Norman Morris, Industry Communications Director, Roy Morgan Research says:

“The home-loan rate increase by the big four in October appears to have had an adverse impact on satisfaction overall, particularly on that of their home loan customers. The decline in home-loan customer satisfaction of 1.8% points among the big four over the last two months has been a major contributor to them falling further behind the satisfaction levels of their smaller competitors.

“There are a number of reasons as to why the smaller banks remain well ahead in terms of satisfaction and recent work by Roy Morgan has identified some of the key drivers of this difference. One of the most important factors that impacts on satisfaction levels is ‘making their customers feel valued’. Nearly all the smaller banks score well above the big four on this measure, with the best performers clearly being ING Direct, Teachers Mutual Bank and Bendigo Bank, all of which are top overall performers.

“Another important contributor to satisfaction levels where the smaller banks have a major advantage relates to “fees and charges are fair and reasonable”. On this measure the two best performers are ING Direct and Teachers Mutual Bank.

“With many financial institutions now adopting advocacy measures as their KPIs, it is important to note that higher levels of satisfaction lead to improved levels of advocacy. For this reason satisfaction should remain the primary measure of customer engagement. This can be best illustrated by the fact that customers who are regarded as being highly likely to recommend their bank (strong advocates) have a satisfaction level of around 97%. In contrast, those who are unlikely to recommend their bank have a satisfaction rating of less than 50%.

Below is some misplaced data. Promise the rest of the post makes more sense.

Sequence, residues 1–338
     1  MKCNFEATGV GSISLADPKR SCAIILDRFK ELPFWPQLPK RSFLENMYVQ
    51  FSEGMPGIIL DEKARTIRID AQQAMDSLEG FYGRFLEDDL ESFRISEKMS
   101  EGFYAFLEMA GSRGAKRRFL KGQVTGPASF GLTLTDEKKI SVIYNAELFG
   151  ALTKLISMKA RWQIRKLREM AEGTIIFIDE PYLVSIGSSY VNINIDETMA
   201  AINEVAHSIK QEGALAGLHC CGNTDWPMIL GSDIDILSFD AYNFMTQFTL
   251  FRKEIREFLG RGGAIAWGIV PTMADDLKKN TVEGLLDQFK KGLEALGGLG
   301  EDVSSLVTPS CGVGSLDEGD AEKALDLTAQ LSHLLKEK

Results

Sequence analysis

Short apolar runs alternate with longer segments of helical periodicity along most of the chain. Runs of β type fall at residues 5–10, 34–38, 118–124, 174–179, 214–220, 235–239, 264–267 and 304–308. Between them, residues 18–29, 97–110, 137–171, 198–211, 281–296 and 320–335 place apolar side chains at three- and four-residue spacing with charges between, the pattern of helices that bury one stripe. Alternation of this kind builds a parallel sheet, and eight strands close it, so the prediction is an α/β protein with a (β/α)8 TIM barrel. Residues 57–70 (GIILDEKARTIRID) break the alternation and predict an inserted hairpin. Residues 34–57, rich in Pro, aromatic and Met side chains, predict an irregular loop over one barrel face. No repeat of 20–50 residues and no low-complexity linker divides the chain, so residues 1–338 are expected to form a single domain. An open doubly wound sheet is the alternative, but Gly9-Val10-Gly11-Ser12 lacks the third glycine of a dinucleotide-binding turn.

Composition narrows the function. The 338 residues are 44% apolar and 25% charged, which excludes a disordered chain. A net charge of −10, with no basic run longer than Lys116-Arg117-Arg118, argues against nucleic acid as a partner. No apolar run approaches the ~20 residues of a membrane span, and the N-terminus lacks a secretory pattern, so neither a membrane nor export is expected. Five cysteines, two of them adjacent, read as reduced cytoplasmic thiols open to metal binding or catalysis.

“As we have seen in the past, the impact of adverse publicity regarding home-loan rate increases, particularly as it applies to the big four, is likely to wear off in a few months. After that, it will be necessary to improve on other important dimensions if the major banks are to show real gains towards closing the gap to the satisfaction levels of their smaller rivals.”                         

For comments or more information please contact:
Suela Qemal, General Manager - Financial Services & Consulting
Office: +61 (3) 9629 6888

About Roy Morgan

Roy Morgan is the largest independent Australian research company, with offices throughout Australia, as well as in Indonesia, the United States and the United Kingdom. A full service research organisation specialising in omnibus and syndicated data, Roy Morgan has over 70 years’ experience in collecting objective, independent information on consumers.

Margin of Error

The margin of error to be allowed for in any estimate depends mainly on the number of interviews on which it is based. Margin of error gives indications of the likely range within which estimates would be 95% likely to fall, expressed as the number of percentage points above or below the actual estimate. Allowance for design effects (such as stratification and weighting) should be made as appropriate.

Sample Size

Percentage Estimate


25% or 75%

10% or 90%

5% or 95%